In the wild, dogwoods are seriously threatened by a fungus, dogwood anthracnose. However, according to the Bernheim Arboretum, “the fungus requires high humidity for infection, so trees growing on moist, shady sites are most susceptible… Hearty, well-maintained flowering dogwood trees in sunny areas with good air circulation and proper soil moisture are rarely impacted by anthracnose.” Our location gets plenty of sun so we feel comfortable replanting.

Most of our tree has been cut up for fireplace wood. However, we saved a portion of the trunk for a small outdoor stool. I expect tree experts could extract data from this stump. I’m content to enjoy the beautiful pattern.

In addition to their visual beauty, dogwoods are a host for spring azure butterflies and various moths including the large colorful Polyphemus moth. Birds feed on the caterpillars in summer and quickly devour the red berries in autumn.

I look forward to watching our young tree grow and seeing what visitors it attracts.

Our rain garden

Rain garden? We had not heard of such a thing in 2005 when we decided to re-work the backyard with native plants. We now understand their primary purpose is to get rain water into the ground and keep it out of storm sewers.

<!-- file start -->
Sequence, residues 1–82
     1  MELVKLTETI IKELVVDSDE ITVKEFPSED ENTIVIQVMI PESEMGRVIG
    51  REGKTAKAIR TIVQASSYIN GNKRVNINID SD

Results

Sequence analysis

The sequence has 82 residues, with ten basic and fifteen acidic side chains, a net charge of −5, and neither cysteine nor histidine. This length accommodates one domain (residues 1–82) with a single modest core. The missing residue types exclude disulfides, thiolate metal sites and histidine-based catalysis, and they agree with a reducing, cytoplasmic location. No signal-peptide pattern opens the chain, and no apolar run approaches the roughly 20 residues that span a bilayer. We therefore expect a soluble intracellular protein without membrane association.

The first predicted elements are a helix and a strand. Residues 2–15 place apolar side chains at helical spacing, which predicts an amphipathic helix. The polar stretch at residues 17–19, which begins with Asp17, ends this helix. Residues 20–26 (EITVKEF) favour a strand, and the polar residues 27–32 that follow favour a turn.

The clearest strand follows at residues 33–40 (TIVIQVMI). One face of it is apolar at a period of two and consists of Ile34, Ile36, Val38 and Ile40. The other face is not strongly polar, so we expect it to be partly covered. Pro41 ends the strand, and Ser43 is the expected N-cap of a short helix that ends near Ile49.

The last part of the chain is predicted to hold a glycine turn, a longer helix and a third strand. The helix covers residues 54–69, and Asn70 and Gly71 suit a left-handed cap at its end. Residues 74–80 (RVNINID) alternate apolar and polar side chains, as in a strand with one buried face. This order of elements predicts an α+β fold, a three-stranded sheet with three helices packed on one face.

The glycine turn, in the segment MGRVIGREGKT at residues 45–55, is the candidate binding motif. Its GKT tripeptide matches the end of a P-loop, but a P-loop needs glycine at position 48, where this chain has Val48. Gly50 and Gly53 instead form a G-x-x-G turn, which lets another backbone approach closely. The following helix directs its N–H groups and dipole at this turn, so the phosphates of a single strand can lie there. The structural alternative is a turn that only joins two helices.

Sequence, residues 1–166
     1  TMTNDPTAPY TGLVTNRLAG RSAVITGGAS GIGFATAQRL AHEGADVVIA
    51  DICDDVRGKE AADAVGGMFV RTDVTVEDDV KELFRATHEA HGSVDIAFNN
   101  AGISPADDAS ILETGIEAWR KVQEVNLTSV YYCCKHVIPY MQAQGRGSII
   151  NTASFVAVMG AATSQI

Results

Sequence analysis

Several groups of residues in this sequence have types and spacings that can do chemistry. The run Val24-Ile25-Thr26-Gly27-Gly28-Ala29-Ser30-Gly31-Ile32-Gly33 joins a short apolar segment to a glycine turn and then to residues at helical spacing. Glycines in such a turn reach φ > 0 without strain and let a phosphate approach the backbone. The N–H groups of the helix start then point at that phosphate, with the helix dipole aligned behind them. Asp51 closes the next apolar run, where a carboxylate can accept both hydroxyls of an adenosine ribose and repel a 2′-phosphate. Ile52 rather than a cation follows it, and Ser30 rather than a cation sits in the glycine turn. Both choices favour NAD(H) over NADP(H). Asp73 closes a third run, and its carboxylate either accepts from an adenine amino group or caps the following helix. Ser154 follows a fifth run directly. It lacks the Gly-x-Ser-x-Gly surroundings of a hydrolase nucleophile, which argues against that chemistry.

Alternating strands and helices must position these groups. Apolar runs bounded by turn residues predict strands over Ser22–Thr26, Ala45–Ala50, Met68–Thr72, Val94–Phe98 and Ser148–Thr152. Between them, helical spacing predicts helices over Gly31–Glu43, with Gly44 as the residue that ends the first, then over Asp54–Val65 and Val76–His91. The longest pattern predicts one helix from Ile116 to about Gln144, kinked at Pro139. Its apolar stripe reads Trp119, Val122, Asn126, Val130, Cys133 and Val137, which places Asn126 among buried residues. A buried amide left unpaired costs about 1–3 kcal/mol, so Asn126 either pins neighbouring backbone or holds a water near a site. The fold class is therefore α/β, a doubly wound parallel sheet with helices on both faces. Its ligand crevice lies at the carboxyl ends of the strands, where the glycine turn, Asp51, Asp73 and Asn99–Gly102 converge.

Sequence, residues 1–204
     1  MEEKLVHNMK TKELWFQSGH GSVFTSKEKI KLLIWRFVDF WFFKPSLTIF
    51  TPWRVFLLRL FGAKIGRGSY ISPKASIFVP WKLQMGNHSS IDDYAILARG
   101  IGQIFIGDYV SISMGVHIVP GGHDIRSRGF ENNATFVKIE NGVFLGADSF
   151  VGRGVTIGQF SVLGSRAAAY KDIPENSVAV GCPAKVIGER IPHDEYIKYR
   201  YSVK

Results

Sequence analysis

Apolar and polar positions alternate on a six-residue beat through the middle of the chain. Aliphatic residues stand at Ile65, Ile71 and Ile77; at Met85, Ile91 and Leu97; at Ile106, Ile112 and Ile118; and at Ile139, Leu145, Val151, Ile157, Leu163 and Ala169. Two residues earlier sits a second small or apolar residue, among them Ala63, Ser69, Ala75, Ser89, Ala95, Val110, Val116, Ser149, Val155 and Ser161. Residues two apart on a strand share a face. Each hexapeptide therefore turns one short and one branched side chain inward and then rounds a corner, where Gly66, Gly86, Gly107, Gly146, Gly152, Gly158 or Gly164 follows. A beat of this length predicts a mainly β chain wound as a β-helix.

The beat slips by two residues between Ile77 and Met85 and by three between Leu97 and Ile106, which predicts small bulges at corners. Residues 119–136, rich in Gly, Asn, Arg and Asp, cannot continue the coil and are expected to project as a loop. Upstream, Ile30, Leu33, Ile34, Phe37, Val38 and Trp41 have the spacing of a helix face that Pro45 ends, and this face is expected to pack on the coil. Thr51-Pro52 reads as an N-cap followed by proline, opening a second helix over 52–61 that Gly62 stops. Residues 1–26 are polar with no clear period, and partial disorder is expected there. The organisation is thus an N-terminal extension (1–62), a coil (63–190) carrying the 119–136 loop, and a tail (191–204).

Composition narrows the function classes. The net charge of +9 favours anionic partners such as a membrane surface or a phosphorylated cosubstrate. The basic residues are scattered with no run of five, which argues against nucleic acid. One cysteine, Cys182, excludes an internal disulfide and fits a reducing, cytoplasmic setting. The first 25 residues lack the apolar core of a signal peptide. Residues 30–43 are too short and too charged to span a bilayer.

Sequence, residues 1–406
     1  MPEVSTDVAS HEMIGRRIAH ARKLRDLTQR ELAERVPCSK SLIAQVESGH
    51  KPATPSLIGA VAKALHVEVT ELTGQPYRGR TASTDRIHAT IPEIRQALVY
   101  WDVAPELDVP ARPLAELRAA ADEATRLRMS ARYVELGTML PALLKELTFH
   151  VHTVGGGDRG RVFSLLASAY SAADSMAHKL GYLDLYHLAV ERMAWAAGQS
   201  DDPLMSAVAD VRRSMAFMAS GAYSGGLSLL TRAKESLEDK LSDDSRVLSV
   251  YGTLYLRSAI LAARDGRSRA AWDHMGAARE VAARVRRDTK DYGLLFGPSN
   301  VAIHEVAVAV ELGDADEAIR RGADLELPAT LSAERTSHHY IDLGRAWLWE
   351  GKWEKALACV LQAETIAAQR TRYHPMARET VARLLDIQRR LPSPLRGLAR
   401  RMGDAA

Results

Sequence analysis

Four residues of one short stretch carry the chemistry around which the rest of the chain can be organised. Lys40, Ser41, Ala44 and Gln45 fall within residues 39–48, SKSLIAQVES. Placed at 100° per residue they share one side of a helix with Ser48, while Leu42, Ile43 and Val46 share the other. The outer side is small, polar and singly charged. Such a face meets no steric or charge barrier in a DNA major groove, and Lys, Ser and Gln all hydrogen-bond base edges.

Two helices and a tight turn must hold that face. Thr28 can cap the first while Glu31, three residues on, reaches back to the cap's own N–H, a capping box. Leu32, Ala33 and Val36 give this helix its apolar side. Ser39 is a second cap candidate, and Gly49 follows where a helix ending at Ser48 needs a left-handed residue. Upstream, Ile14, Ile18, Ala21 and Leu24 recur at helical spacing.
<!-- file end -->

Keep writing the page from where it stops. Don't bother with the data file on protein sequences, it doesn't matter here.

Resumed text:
Stacy Borden, arborist and photographer, helped us with the backyard, and suggested the slope from the house would work well for a rain garden. As a result, rain from our roof goes underground, comes out under a large rock, and travels down an otherwise dry creek bed to a depression.

We had a day of  steady rain last week with a total of about two inches. This is how the rain garden looked most of the day.

Lexington, Kentucky rain garden on a rainy day

Shortly after the rain stopped, the water disappeared. Evidently the roots of the bald cypress tree (Taxodium distichum), swamp milkweed (Asclepias incarnata), cardinal flower (Lobelia cardinalis), and other perennials help the rain soak into the ground about as fast as it collects.

In contrast to the wet, winter image looking up the ‘creek’, this is a view looking down the ‘creek’ on a dry, summer day. Note the bald cypress trunk to the left of the rock cairn. The pink blossoms in the background are swamp milkweed, a host plant for the monarch butterfly (Danaus plexippus).

Lexington, Kentucky rain garden in summer

I’m glad we listened to Stacy. I like the diversity of plants and animals the rain garden adds. Butterflies enjoy basking on the large rocks, and various ‘critters’ hide under them. And I’m pleased to know we’re keeping water out of the storm sewers.

For more information about rain gardens:

Mystery Crocuses – first sign of spring

These crocuses mysteriously appeared under the red maple a few years ago. I didn’t plant them and I have no idea how they got there. However, I’m pleased to see these first blossoms of the year.

The blossoms are small – about one inch wide and two inches tall. They are not spectacular, but they’re big enough to be seen from the dining room window and they brighten my day.

It was only when I looked closely at the inside of a blossom that I noticed the richness and beauty within.

Crocuses are not native to Kentucky, but they provide an early source of nectar for insects. And I enjoy them as an early sign of spring.